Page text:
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Remembering Adrienne Rich

(Stuart Ramson/AP)

(Stuart Ramson/AP)

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By Dr. Marciene Mattleman

PHILADELPHIA (CBS) - Adrienne Rich died on March 27th and every major newspaper carried her obituary, many chronicling her eighty-two years as a poet, essayist and activist. As a longtime admirer of her work, I read several articles and found the most interesting in Slate.

Meghan O’Rourke writes that Rich’s death “leaves a hole that can’t be filled,” and describes the writer’s search for new and better language, moving from a “precocious ‘formalist’ in her first published book at 22, to rejecting those forms and making poetry out of the prosaic.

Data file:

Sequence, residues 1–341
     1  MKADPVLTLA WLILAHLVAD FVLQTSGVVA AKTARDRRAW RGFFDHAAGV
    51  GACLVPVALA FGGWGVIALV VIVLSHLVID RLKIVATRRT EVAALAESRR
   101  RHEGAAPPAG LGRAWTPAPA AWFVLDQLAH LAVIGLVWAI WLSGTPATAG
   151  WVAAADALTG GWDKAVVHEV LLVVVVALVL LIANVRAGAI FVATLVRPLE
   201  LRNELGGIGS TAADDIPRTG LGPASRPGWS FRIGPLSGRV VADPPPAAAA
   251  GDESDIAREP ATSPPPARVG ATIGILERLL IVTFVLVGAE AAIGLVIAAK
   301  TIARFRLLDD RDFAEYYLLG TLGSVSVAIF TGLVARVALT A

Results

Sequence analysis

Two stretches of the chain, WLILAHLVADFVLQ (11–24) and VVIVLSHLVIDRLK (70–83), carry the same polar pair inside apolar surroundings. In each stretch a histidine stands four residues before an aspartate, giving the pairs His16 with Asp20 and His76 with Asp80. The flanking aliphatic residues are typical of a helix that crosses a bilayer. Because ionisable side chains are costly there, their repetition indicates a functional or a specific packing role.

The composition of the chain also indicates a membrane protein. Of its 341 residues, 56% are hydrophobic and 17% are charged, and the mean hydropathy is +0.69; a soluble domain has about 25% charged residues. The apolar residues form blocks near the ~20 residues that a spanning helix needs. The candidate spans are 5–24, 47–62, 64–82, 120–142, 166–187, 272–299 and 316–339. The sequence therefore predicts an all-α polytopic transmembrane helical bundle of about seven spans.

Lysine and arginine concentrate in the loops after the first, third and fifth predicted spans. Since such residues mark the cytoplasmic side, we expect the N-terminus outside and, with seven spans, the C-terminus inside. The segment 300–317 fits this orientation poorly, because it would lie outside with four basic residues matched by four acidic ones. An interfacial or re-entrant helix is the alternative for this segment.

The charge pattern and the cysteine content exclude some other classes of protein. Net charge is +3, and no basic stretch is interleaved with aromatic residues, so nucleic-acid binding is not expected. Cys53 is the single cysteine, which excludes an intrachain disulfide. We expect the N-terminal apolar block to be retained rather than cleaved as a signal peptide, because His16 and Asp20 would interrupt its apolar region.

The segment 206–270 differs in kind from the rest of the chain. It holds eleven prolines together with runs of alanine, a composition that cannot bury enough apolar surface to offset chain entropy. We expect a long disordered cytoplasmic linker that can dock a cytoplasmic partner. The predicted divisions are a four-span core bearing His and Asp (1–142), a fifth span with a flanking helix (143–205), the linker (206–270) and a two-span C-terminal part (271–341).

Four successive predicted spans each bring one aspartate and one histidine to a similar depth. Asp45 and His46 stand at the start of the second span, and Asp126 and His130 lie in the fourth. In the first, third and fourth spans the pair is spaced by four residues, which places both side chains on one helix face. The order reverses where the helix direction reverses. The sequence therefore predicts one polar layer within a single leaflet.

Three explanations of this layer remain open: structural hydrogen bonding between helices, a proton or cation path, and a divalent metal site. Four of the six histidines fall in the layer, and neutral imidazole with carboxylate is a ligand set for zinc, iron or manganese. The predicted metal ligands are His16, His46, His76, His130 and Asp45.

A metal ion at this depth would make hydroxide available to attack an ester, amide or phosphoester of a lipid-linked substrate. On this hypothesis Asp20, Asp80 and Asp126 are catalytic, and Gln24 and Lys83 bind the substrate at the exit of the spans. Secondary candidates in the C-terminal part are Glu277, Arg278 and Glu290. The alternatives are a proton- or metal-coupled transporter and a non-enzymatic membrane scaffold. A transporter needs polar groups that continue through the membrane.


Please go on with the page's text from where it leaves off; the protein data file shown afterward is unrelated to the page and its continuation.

Rich speaks in a strong voice on feminism, war, race, gender, politics and education believing that “change is essential to being free.”

April is American Poetry Month and a good time to find your own voice in her wonderful books. My favorite line is from the poem Delta, “…if you think you can grasp me, think again: my story flows in more than one direction…”

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